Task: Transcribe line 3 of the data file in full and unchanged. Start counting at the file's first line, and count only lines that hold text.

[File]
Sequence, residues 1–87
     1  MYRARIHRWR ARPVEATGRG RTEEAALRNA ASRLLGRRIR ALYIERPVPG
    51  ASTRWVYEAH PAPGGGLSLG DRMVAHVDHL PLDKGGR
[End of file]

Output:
    51  ASTRWVYEAH PAPGGGLSLG DRMVAHVDHL PLDKGGR